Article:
• Title, Summary, Keyword: traditional herbal medicine

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A Study on International Exchange of Traditional Herb Medicine (전통 약물의 국제 교류에 관한 소고(小考))

  • Cho, Sunyoung;Kim, Jiyeon;Kang, Yeonseok
    • The Journal of Korean Medical History
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    • v.26 no.2
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    • pp.123-134
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    • 2013
  • Traditional medicine has been exchanged constantly from prehistoric times up to the present. As the global market trade on traditional medicine increases, people now emphasized the importance of traditional medicine. Previously, knowledge about herbal medicines are taught or learned indirectly. Most of it was learned through medical books. But in these contemporary times, herbal medicine's knowledge is shared through journals, congress and some other events in where traditional medicine's information are shared. In the international congress gathering; traditional medicine's experts from many countries shared some additional knowledge. First, "an attitude to medicine that emphasizes on Naturalism". Second, "respect for experienced in traditional medicine". Third, "respect for locality on traditional medicine". Fourth, "a protection for domestic traditional medicine industry" Fifth, "acceptance of traditional medicine from other countries according to domestic health care system".

A Survey of the Status of Management and Prices of Herbal Medicines: Traditional Korean Medicine Institutions (한방의료기관의 한약 관리 및 가격 현황에 대한 연구)

  • Huang, Dae-Sun;Shin, Hyeun-Kyoo
    • The Journal of Korean Medicine
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    • v.32 no.5
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    • pp.90-99
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    • 2011
  • Objectives: Comparison of the status of herbal medicine management carried out by traditional Korean medicine hospitals and clinics, and changes in the prices of the herbal medicines offered by them. Methods: A questionnaire survey was conducted for 126 traditional Korean medicine hospitals and 4,200 traditional Korean medicine clinics. Questionnaire sheets were dispatched to them by mail in 2008. Rate of response: 57 hospitals (45.2%) and 465 clinics (11.0%) Results: 1. Concerning the herbal medicines kept by them, the hospitals and the clinics kept 295 and 147 kinds of medicine, respectively, on average. As for their monthly expenditure on the purchase of herbal medicines, the hospitals spent an average of KRW 28.38 million while the clinics spent an average of KRW 1.64 million. 2. The average monthly expenditure of the clinics on the purchase of herbal medicines decreased by 32% from 2006, which can be interpreted as a reduction of their business. 3. The prices of herbal medicines for disease treatment ranged from KRW 140,000~190,000 per jae(dosage form) in the hospitals compared to KRW 140,000~168,000 in the clinics. 4. Compared to 1994, the prices of herbal medicines used for disease treatment have risen, whereas the prices of herbal medicines used as tonics have decreased. Conclusions: There are no conspicuous differences between the hospitals and the clinics in terms of the prices charged for herbal medicines, regardless of whether they are used to treat diseases or prescribed as tonics.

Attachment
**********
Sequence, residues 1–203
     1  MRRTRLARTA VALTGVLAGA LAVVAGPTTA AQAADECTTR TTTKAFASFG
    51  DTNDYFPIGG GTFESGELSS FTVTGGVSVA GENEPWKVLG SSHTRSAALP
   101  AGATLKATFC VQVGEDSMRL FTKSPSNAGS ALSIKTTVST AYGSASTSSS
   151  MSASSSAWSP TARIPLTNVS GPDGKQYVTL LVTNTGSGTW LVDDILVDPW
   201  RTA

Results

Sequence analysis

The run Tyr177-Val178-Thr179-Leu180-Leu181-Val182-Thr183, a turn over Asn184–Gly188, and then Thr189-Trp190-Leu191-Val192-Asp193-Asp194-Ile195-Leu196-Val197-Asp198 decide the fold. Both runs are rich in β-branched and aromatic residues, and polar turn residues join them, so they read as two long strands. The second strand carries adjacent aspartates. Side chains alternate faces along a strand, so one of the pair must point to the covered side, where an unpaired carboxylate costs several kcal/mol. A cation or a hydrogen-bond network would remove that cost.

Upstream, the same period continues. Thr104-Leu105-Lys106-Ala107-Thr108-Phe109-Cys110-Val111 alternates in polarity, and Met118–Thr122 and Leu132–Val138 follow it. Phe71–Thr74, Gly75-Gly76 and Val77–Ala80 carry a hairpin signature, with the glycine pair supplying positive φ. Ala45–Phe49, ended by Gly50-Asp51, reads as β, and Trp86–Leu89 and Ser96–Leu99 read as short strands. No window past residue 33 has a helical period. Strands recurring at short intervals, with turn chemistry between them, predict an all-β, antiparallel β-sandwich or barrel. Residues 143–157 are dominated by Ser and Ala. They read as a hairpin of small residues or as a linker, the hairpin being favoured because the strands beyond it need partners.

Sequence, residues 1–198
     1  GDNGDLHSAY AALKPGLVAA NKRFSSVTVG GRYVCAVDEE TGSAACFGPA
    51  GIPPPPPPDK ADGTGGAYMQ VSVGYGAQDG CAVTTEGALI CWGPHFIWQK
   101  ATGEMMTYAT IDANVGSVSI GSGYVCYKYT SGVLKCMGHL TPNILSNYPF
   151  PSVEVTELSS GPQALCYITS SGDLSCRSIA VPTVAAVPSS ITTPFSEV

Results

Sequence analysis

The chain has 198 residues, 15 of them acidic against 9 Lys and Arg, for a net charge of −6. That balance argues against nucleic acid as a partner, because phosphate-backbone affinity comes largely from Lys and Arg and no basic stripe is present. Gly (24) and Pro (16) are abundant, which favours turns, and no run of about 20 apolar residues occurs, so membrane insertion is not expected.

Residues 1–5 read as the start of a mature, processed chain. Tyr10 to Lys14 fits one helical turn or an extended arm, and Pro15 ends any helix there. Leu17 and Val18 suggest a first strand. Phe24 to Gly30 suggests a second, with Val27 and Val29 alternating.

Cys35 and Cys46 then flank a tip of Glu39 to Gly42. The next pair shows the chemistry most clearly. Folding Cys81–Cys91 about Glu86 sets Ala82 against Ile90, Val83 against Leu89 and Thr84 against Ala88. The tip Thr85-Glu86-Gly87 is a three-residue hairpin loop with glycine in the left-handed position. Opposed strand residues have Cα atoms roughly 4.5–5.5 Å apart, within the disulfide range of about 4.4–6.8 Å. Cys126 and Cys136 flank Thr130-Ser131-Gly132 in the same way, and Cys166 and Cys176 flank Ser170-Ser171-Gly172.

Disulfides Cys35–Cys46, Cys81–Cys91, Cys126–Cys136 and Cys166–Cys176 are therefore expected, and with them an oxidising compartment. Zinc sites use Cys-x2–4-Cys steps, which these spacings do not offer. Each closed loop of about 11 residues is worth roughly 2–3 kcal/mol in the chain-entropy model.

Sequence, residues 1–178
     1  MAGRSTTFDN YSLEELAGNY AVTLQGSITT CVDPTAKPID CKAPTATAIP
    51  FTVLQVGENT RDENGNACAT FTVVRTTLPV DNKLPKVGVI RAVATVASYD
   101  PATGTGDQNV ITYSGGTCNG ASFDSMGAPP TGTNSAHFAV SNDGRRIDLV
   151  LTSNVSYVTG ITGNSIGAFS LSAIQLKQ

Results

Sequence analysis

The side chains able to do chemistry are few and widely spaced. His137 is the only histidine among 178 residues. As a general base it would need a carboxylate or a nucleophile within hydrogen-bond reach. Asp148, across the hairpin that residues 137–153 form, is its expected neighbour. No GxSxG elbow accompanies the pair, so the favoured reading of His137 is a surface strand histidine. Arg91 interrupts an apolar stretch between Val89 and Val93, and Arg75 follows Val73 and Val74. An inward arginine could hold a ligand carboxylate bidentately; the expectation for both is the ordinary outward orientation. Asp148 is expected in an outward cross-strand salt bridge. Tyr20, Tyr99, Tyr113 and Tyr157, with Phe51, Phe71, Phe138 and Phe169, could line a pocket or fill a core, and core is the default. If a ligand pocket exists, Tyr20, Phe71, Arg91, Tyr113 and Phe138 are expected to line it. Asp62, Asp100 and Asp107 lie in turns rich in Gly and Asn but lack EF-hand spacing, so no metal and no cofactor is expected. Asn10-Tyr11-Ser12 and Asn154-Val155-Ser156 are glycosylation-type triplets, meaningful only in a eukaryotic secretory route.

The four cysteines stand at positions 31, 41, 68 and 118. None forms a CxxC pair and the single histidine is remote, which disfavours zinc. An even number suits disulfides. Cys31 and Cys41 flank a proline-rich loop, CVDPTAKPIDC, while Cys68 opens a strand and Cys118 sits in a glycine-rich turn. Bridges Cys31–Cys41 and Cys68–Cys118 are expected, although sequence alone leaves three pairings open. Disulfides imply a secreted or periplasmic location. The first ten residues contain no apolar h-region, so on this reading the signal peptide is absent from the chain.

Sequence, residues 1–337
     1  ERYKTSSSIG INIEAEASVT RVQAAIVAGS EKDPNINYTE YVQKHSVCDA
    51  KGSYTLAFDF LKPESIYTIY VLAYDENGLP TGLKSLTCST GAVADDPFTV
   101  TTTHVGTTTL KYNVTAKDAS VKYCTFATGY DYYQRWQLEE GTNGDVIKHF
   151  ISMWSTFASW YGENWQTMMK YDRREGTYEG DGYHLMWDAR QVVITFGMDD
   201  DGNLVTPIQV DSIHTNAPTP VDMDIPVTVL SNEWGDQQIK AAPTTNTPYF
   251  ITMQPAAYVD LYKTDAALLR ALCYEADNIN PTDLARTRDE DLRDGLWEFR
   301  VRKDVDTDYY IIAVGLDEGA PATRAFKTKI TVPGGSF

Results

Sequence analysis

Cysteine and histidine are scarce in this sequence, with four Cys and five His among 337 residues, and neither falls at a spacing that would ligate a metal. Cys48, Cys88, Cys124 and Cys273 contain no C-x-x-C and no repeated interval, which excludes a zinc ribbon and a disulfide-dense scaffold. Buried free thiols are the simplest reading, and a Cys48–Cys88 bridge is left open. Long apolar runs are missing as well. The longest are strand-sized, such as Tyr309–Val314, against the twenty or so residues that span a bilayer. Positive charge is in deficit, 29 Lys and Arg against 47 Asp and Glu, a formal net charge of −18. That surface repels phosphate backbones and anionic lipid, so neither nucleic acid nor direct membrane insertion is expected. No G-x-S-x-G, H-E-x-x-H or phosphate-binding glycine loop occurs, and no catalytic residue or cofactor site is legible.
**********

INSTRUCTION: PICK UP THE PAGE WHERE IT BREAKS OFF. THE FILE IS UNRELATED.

A Survey on the Status of Employees of Traditional Korean Medicine Hospitals

  • Bak, Yo-Han;Huang, Dae-Sun;Shin, Hyeun-Kyoo
    • The Journal of Korean Medicine
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    • v.33 no.2
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    • pp.56-63
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    • 2012
  • Objectives: To undertake manpower-related improvements based on a comparison between specialists in the traditional Korean medicine hospitals(TKMH) and their counterparts in Western medicine Methods: A survey of the TKMH based on questionnaire sheets dispatched to them by mail(57 of 142 responded) in the June December, 2008 period, and on almanac statistics provided by the Ministry for Health, Welfare and Family Affairs of Korean Government. Results: Overall, the workforce engaged in the traditional Korean medicine hospitals comprises traditional Korean medical doctors(28%), nurses(23%), administrative staffs(19%), assistant nurses(9%), medical record keepers(2%), nutritionists(2%), herbal pharmacists(1%), and others(16%). Each hospital has 16.5 traditional Korean medical doctors on average, which can be broken down into 6.2 specialists, 1.3 generalists, and 9.3 residents/interns. Only 10.7% of whole of traditional Korean medical doctors work in the hospitals, compared to 54.5% of Western medicine doctors. The ratio of traditional Korean medical doctors to the entirety of employees in the TKMH is 2.5 times higher than their Western medicine counterparts, while the ratio of medical technicians to the entire employees in the TKMH is 20 times lower than in the Western medicine counterparts. Conclusions: To provide more qualified medical service in the TKMH, they will be required to increase the proportion of non medical doctor employees, like Western medicine counterparts.